Last update Aug. 30, 2018
Very Low Risk
Suggestions made at e-lactancia are done by APILAM team of health professionals, and are based on updated scientific publications. It is not intended to replace the relationship you have with your doctor but to compound it. The pharmaceutical industry contraindicates breastfeeding, mistakenly and without scientific reasons, in most of the drug data sheets.
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Herb Peter is also known as Cowslip Primrose. Here it is a list of alternative known names::
Herb Peter in other languages or writings:
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e-lactancia is a resource recommended by Asociación Pro Lactancia Materna (APROLAM) of Mexico
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The root and the flowers are used.
The root contains phenolic glycosides and triterpene saponins. The flowers contain flavonoids (quercetin, kaempferol, luteolin ...) and saponins (primula acid).
Indications from Commission E of the German Ministry of Health (Blumenthal 1998 p 189), ESCOP and EMA (EMA 2007): expectorant and mucolytic for colds of the respiratory tract.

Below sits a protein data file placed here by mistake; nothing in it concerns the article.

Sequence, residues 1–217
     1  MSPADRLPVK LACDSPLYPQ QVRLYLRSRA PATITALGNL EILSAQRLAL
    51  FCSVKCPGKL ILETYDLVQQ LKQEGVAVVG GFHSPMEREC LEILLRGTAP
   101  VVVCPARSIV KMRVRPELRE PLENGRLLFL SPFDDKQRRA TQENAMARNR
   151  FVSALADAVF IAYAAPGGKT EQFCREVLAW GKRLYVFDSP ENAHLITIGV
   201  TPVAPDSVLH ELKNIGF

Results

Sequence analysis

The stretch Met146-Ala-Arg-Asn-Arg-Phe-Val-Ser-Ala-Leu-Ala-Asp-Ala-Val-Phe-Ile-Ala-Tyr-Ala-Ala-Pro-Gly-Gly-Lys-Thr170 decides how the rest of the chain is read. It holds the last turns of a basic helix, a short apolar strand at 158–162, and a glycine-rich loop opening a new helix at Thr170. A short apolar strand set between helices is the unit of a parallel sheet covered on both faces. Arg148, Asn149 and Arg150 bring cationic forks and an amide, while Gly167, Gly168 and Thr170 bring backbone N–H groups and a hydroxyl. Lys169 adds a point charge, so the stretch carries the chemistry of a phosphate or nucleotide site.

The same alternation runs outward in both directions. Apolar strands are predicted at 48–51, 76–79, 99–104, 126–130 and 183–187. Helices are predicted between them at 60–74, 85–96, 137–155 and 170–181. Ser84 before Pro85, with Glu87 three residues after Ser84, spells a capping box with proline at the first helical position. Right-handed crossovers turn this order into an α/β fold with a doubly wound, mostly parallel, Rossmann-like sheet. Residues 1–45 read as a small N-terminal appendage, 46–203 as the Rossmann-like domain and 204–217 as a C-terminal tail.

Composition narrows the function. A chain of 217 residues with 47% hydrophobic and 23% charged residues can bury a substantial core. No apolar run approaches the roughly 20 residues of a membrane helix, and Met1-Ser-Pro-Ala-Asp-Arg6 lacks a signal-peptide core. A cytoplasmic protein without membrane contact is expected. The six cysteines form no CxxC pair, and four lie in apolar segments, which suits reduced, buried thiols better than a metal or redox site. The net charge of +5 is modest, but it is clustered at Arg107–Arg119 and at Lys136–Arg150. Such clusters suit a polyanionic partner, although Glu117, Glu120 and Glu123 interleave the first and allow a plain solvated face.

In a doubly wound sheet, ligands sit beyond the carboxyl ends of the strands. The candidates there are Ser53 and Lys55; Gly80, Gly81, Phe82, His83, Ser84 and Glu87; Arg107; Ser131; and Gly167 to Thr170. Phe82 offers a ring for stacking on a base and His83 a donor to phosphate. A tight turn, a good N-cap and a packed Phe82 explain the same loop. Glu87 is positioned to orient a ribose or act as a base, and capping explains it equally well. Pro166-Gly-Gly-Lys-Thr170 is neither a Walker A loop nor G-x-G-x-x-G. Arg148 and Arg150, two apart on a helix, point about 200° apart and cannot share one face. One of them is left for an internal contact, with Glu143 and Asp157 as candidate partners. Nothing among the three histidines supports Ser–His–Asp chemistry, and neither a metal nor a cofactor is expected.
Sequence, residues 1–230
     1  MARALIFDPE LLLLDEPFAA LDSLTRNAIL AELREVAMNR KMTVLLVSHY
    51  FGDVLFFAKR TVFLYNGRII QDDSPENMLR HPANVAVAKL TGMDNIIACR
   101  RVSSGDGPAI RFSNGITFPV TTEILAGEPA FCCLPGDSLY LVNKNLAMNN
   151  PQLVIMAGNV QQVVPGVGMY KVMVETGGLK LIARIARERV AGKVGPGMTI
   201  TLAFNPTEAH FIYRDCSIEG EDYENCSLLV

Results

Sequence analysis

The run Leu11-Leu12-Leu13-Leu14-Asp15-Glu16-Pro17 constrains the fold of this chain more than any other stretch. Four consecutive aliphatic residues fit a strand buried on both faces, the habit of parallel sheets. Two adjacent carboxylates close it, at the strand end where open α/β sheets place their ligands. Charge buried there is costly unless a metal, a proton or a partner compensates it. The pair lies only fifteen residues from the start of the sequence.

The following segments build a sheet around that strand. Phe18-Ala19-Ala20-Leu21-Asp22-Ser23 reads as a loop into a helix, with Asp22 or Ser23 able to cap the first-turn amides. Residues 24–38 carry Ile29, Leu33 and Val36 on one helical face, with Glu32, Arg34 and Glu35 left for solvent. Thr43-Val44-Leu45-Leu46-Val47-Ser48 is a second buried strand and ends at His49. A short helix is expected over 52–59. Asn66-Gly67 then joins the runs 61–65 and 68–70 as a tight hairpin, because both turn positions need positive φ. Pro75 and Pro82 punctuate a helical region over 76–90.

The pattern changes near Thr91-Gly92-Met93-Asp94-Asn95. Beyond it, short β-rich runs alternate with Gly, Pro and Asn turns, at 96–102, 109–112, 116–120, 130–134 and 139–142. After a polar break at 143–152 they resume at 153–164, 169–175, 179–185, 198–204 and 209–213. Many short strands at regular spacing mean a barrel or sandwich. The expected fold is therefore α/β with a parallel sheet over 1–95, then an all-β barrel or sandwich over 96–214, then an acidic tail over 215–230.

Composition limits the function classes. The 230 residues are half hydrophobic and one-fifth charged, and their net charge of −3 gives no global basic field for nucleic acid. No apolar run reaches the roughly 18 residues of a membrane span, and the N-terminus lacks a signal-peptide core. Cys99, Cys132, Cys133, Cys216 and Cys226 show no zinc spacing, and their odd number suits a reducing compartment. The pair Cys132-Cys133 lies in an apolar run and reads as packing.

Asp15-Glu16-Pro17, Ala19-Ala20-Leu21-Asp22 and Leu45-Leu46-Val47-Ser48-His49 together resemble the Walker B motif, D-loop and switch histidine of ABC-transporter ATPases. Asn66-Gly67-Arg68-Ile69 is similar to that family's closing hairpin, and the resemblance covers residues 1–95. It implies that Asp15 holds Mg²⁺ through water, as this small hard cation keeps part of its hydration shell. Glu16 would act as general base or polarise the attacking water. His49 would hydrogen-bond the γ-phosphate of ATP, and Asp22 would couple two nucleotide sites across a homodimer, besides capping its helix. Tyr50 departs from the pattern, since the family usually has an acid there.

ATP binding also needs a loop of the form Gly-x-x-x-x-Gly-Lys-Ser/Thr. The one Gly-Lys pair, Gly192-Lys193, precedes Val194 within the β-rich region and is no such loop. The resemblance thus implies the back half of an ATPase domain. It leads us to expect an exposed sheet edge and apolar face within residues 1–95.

Since the last update we have not found published data on its excretion in breastmilk.
Given its lack of toxicity at correct doses, moderate consumption would be compatible with breastfeeding.
Precautions when taking plant preparations:
1. Make sure they are from a reliable source: poisonings have occurred due to confusion of one plant with another with toxic properties, poisonings due to heavy metals that are extracted from the soil and food poisoning due to contamination with bacteria or fungi (Anderson 2017).
2. Do not take in excess; follow recommendations from experts in phytotherapy. "Natural" products are not good in any quantity: plants contain active substances from which much of our traditional pharmacopoeia has been obtained and can cause poisoning or act as endocrine disruptors (contain phytoestrogens: Powers 2015, Zava 1998) if consumed in exaggerated quantity or periods of time.